‘Brawl in Cell Block 99’: Genre-movie mash-up takes itself a wee bit too seriously

Thursday, 12 October 2017, 10:10:32 PM. Vince Vaughn plays an imprisoned man seeking — and taking — vengeance.

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Vince Vaughn as Bradley Thomas (unseen: his cross back-of-head tattoo) in “Brawl in Cell Block 99,” which grinds the corrupt-prison and torture-prison genres into a pulpy mash-up of violence. (BCB99Inc/RLJE Films)

Although it features bone-cracking violence, “Brawl in Cell Block 99” is not exactly a scuffle. This pulpy mash-up of two genres — corrupt-prison and torture-horror — is more of a death march: a deliberate plod toward retribution. In place of catharsis, the climax provides gross-out slapstick, but writer-director S. Craig Zahler takes his handiwork so seriously that viewers may do the same.

The brawler of the title is phlegmatic Bradley (Vince Vaughn), who becomes a drug courier when he loses his job in an auto-repair shop. With his hulking frame and a large cross tattooed on the back of his shaved head, Bradley is obviously trouble. Yet everything he does is to support — and, later, to protect — his family.

Arrested after an abortive drug run, Bradley is sent to jail. A drug lord’s emissary (the reptilian Udo Kier) informs him that hideous things will happen to his wife (Jennifer Carpenter) and their unborn daughter if Bradley doesn’t get himself sent to the maximum-security cell block 99. What awaits him there is sadistic torment, overseen by a soft-spoken warden (Don Johnson), and a showdown with his ultimate enemy (Dion Mucciacito).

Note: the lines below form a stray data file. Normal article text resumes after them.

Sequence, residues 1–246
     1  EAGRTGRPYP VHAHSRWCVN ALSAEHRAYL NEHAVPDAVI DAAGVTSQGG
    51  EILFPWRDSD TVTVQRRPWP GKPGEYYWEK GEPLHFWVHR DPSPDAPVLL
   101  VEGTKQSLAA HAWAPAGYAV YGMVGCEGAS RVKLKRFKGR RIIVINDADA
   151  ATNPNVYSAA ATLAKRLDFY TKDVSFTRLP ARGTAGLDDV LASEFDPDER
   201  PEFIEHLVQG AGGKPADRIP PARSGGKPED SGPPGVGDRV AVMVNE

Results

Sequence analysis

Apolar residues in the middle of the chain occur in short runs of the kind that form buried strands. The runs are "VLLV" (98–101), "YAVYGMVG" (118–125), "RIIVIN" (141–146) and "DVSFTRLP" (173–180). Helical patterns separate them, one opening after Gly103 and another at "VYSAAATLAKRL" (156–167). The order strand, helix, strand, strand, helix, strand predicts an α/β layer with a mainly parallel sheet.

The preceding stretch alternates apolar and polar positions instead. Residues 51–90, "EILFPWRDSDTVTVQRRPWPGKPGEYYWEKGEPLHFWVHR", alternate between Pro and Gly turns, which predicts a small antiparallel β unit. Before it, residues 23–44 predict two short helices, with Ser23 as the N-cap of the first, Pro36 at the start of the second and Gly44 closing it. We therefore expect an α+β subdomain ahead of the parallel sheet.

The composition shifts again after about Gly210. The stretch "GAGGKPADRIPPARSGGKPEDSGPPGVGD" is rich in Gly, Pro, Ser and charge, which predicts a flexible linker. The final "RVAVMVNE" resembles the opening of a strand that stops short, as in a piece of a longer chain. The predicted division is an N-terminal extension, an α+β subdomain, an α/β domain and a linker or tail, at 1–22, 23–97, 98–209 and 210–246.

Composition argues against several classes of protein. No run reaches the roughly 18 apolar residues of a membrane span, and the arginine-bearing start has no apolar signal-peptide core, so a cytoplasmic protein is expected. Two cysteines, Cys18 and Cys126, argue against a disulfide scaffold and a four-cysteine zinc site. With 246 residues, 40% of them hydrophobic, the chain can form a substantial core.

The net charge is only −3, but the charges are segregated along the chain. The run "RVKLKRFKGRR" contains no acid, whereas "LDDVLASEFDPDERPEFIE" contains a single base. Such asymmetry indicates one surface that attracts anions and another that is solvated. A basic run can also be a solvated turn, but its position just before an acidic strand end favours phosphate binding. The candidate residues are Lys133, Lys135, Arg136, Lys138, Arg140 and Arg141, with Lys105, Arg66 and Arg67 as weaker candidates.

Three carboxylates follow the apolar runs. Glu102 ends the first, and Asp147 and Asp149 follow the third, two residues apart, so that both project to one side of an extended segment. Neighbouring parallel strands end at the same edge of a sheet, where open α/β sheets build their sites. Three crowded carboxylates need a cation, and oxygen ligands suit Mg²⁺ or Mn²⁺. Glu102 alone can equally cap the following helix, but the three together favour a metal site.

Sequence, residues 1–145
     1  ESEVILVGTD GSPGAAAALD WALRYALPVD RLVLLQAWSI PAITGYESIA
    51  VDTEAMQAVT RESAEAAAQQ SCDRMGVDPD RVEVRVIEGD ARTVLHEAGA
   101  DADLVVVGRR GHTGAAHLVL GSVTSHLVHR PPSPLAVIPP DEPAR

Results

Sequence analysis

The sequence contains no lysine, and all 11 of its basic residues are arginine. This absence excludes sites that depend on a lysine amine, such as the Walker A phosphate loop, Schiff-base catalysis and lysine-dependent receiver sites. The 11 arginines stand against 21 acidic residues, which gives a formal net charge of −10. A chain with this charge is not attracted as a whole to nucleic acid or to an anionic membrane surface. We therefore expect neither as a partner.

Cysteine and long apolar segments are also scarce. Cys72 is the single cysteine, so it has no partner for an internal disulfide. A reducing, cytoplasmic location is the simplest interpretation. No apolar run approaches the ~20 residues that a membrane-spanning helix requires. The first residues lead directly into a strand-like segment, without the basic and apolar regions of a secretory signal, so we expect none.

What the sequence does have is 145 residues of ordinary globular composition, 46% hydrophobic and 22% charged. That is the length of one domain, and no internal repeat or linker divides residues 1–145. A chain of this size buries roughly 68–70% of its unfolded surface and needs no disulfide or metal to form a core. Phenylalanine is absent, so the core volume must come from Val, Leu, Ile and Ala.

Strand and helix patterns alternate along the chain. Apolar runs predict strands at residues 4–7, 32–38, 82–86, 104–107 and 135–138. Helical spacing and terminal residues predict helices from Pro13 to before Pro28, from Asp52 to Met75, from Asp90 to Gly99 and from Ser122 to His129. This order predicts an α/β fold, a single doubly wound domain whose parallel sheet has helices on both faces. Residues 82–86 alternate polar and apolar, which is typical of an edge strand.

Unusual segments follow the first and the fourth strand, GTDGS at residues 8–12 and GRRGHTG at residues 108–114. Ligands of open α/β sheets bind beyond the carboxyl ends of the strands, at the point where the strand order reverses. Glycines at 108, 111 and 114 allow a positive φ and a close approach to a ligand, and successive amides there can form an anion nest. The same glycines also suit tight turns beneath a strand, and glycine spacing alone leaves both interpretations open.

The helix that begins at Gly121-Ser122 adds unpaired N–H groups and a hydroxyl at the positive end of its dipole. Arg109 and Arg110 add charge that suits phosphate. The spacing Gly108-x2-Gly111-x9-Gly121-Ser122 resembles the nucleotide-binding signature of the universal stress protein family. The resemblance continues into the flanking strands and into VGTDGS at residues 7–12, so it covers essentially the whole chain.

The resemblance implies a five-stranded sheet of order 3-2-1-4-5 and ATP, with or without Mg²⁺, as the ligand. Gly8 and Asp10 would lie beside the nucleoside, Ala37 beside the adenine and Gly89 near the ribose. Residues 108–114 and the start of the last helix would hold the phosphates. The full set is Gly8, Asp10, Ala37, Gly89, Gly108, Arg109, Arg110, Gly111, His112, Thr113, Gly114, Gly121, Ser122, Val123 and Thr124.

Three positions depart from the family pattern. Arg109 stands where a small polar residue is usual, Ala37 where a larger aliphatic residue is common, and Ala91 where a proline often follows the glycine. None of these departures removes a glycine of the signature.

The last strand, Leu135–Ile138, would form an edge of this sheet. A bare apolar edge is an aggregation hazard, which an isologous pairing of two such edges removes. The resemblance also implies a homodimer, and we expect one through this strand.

Aside from letting “Brawl” run a half-hour too long, Zahler indulges himself with intentionally lousy-looking cinematography and fake 1970s soul tunes that he co-wrote (and got the O’Jays and Butch Tavares to sing). But there’s no fat on the action scenes, which are shot in long takes, without the usual quick cuts. When Bradley finally claims his vengeance, we see the full price he extracts.

Unrated. At AMC’s Magic Johnson Capital Center 12. Contains violence, obscenity and nudity. 132 minutes.

 

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